I'm kind of amazed that these are my drawings, from reference images (but not traced): they look recognisably like human bodies, and while I'm not happy about the heads - there have got to be better ways of suggesting heads and faces, all I manage is awkward - I am starting to capture the human form with a few bold lines and I'm liking the results.
This is nothing short of miraculous.
The number one tool for this has been the practice of lines: straight lines, C-curves, S-curves; learning to draw them boldly and confidently and more or less where I want them to go. Combine that with a drawing course that teaches you to apply these lines boldly, to capture the energy of a human body rather than trying to find exact lines, and suddenly I get the feeling that I'm doing the right thing (just need to work out a lot of details) rather than doing something completely hopeless.
And yes, I am currently sourcing my poses on body-positive blogs: I don't find the 3D dummy all that interesting to draw, and seeing pictures of squishy bodies looking fantastic is a really useful exercise for me.
and the above is a month. And while I have practiced _some_ drawing, I have not practiced anywhere near enough drawing to justify the improvement, which kind of confirms what I've worked out anyway: if I can find a way to work that suits my learning style - kinesthetic, Gestalt-oriented - I find most things relatively easy. (I'll never be _great_ at this drawing thing, but I think I can get to 'competent' from here). If something is presented in a way that makes no sense to me - if I am trying to learn sequentially and if the practices is stressful - I can suck terribly badly and feel that I'll never get there.
The answer to that is not to practice harder. Practicing things that are stressful is counterproductive for me. Looking for 'the right way to learn' is, of course, a path with a very obvious failure mode - never applying oneself, and always looking for 'the right' method that will miraculously get you to where you want to be, without having to put in any of the work, but while, in principle, I am extremely opposed to that idea, I have to admit that _it works for me_.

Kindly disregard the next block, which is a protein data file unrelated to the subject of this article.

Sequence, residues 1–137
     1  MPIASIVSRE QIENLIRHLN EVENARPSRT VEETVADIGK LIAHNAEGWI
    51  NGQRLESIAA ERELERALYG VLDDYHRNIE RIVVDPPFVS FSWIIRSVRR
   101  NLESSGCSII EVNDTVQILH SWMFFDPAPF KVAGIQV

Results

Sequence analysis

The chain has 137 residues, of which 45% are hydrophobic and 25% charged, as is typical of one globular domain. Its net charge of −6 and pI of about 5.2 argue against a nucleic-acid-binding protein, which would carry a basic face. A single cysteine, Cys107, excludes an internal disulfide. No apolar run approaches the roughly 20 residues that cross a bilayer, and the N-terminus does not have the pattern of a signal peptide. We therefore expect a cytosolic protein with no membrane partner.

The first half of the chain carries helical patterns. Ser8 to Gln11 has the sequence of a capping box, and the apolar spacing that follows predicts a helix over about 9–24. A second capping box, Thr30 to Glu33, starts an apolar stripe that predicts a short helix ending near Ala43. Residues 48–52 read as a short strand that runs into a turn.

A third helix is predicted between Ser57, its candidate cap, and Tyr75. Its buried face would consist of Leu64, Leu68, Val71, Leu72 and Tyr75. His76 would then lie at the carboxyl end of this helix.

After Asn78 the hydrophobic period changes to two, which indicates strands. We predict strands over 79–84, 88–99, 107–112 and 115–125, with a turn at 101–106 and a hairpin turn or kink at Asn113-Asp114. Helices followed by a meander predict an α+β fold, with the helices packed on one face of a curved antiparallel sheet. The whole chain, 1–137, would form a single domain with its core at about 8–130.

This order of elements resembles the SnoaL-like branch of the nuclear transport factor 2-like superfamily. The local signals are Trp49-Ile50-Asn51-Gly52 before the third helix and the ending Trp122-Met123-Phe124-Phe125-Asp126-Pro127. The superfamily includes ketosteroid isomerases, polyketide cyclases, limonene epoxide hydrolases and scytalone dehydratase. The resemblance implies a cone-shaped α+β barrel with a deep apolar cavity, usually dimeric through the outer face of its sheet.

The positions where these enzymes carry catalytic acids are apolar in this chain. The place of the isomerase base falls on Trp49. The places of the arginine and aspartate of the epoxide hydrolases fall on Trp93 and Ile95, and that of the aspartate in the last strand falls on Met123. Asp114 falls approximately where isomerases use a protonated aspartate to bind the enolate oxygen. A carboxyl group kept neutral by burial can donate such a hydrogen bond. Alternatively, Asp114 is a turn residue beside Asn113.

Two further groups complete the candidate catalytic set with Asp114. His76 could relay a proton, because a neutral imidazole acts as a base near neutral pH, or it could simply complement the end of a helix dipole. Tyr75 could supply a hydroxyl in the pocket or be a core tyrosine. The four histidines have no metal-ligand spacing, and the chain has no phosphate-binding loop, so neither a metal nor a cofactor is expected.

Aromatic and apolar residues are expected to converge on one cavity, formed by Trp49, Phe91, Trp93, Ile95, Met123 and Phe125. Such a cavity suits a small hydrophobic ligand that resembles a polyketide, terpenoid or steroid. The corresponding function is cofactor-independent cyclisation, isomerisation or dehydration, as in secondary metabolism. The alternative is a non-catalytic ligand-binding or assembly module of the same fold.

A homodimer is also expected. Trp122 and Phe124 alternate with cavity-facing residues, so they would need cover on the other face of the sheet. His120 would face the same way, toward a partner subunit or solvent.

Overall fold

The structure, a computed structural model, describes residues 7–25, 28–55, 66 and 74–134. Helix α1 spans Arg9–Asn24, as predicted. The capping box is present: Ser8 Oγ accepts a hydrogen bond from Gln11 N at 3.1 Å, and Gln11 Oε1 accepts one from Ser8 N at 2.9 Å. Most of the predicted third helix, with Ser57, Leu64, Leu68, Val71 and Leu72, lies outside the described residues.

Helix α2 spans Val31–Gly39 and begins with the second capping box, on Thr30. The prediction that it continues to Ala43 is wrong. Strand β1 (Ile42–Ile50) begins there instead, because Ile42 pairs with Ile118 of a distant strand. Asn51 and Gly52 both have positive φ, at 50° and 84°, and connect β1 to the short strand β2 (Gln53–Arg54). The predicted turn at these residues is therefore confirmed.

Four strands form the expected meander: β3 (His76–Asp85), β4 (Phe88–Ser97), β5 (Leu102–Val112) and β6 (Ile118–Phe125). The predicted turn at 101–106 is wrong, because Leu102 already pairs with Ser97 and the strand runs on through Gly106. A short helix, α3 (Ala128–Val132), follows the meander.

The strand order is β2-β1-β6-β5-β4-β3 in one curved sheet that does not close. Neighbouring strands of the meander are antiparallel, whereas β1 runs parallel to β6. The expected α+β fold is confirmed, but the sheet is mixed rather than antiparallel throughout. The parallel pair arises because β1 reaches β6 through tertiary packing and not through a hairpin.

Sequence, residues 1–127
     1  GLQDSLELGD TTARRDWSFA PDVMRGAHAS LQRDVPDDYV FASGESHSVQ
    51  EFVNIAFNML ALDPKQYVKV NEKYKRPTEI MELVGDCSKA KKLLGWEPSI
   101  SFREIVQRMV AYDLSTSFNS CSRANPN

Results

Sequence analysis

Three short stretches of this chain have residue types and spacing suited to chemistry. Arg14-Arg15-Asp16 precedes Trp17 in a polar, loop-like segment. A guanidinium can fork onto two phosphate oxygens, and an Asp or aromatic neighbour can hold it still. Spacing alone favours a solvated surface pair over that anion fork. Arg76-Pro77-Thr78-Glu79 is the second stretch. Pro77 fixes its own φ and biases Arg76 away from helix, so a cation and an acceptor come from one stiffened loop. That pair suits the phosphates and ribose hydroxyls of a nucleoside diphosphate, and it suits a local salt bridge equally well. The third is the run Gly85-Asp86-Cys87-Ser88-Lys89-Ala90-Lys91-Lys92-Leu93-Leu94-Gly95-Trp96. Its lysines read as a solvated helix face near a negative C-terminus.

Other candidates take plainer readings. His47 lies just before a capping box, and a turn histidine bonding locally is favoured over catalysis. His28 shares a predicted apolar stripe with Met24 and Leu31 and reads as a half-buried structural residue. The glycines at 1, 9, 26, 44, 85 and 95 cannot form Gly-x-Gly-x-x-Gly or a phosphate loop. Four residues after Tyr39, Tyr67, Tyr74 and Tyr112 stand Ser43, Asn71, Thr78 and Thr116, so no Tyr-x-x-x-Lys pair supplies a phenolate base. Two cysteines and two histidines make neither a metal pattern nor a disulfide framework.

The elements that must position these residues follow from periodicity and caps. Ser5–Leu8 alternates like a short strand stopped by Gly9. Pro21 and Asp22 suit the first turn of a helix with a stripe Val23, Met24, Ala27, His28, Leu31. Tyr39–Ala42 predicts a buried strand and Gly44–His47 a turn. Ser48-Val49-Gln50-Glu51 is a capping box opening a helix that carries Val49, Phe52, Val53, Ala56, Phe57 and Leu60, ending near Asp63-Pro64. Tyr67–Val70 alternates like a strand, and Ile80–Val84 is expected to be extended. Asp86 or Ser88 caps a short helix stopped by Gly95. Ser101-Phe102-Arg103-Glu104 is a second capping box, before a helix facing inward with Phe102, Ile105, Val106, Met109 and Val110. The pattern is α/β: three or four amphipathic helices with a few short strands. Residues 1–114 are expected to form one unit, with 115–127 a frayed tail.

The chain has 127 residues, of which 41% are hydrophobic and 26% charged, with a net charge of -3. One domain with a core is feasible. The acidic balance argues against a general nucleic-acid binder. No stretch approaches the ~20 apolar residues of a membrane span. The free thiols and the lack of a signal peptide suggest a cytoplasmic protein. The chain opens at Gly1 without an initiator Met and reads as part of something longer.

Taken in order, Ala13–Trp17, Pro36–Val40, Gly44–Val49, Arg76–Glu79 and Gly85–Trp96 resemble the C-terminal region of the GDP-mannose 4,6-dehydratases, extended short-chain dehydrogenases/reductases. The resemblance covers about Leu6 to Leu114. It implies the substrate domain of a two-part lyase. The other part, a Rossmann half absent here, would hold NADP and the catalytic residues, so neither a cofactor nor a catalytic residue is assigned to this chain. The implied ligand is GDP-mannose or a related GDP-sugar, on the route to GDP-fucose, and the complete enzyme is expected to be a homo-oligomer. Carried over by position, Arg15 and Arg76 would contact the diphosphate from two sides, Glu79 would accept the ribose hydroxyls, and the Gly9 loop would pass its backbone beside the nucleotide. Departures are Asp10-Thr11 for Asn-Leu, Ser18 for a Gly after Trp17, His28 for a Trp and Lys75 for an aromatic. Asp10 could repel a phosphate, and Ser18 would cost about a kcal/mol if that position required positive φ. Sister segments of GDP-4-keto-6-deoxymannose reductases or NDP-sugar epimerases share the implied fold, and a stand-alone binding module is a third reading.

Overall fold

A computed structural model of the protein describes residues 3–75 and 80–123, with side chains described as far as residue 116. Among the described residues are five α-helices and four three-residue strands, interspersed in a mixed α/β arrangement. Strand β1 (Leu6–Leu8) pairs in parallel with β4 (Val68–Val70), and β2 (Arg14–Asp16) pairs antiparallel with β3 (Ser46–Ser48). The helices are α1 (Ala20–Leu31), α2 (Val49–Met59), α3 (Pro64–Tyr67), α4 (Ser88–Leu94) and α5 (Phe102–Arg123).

And it's hard to talk about this without sounding like I'm bragging. I'm all too aware of my artistic shortcomings; I'm a perfectionist, I can see a dozen things wrong with every drawing I make and I'm fully aware that there's probably a dozen more that I can't see because I'm not trained _enough_, I can only draw the poses I see, not any other possible poses, but when I started this six weeks ago I thought that maybe in a year I'd be able to draw like this: confident lines with recognisable results. And I'm willing to bet that if I had stuck to techniques that don't work for me, tasks that seem unsurmountable, exercises that stress me out, that make me feel completely incompetent and like I will never learn - I would not have reached this stage yet, if ever.
This, in short, is why learning styles matter, and why we need to take responsibility for our learning, and find out what does and doesn't work, and insist on finding resources that resonate: there are no shortcuts to becoming skilled, but if you can follow a straight path instead of floundering around, you *will* learn things in a reasonable amount of time, whatever that thing is.
Talent might get you there faster, by more paths, and take you further, but the right teaching will get you places surprisingly quickly and painlessly.
I can't wait to continue with my courses and learn more; I just wanted to bounce a little at how far I've come.